David Frum makes a thoroughly unpersuasive case that the U.S. has much to lose from Scottish independence. He concludes with a preposterous attempt to pin some of the blame on the Obama administration in the event of a ‘yes’ vote:

In February 1995, Bill Clinton traveled to Ottawa to speak in favor of Canadian unity. “In a world darkened by ethnic conflicts that tear nations apart, Canada stands as a model of how people of different cultures can live and work together in peace, prosperity, and mutual respect,” Clinton told the Canadian Parliament. The U.S. president was a more popular figure in Quebec than that province’s own politicians, and his words likely contributed to the narrow margin of victory of the ‘No’ side in Quebec’s second and final secession referendum later that year. President Obama has played no equivalent role in the debate over the survival of America’s close ally, the United Kingdom. If the ‘Yes’ vote prevails on September 18, Obama’s omission should be remembered in the postmortem assignment of blame for a potential disaster for the peoples of Britain, Europe, and the Western alliance.

First, the “potential disaster” isn’t anything of the kind. The rest of the U.K., NATO, and the EU will continue to function just as well (or just as poorly) as ever. The U.K. was already being held back from a very activist foreign policy by its fiscal priorities and the public’s aversion to involvement in new foreign wars, so the separation of Scotland would have less of an effect than at almost any time in the last thirty years. Whatever problems NATO and the EU may have, including Scotland in these organizations won’t be a serious problem for either of them. NATO is already filled with small countries that don’t pull their weight. One more or less won’t make any difference. Both organizations may make it difficult for Scotland to join for individual members’ own reasons, but in that case Scotland wouldn’t be contributing to their dysfunction for years to come.

There is a real possibility that Scottish independence makes the exit of the rest of the U.K. from the EU more likely, but there is also a possibility that an electorate exhausted by the aftermath of the Scottish referendum will have no desire to go through an equally involved process of disentanglement from the European Union. Besides, it’s not obvious that the U.S. would be worse off if people in the rest of the U.K. decided to leave the EU. Whether that decision is in the best interests of the rest of the U.K. is another question, but I would think that the U.S. and U.S. businesses would be able to adapt to a new arrangement without too much difficulty. The truth is that the American “stake” in this decision is not all that great. Independence would be a significant change in the U.S. relationship with London (and Edinburgh), but it isn’t something to fear or to panic over. To the extent that a slightly diminished U.K. makes it less likely for the U.S. to drag it into new and unnecessary foreign adventures, that will probably be better for both America and the rest of the U.K. than the current so-called “special” relationship.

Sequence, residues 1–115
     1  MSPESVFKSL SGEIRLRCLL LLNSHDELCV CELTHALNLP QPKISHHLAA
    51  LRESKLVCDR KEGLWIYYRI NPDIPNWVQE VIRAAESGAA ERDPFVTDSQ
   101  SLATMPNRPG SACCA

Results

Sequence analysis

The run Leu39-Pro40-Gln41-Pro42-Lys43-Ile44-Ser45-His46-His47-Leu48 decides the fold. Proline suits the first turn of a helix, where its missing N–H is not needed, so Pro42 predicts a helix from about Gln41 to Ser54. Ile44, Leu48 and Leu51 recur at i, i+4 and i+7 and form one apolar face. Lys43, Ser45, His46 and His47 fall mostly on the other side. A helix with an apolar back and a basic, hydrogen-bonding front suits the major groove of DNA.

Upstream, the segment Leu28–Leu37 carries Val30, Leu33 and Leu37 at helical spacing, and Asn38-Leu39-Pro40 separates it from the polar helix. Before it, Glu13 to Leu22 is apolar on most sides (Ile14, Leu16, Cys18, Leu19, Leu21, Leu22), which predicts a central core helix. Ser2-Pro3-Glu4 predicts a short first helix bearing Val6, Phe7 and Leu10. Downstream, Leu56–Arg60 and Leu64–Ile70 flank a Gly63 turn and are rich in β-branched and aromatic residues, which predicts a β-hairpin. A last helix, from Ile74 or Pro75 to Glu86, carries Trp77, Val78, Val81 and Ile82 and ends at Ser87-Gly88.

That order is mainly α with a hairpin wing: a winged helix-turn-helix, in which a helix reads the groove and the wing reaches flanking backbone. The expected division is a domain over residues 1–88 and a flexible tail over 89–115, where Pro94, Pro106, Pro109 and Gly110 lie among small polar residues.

As for Obama’s “omission,” it’s worth remembering that the president quite unnecessarily weighed in on the subject when he was last meeting with Cameron. Even that small intervention was probably a mistake, but it was one that didn’t matter much either way. A more concerted effort from Obama wouldn’t have helped the unionists, since a more forceful American intervention in the Scottish debate would have offered the SNP the perfect opportunity to exploit popular discontent with U.S. foreign policy and the relationship with London to their advantage. No matter which way Scotland votes this week, it can’t be blamed on (or credited to) the U.S., and U.S. interests won’t be significantly harmed either way.

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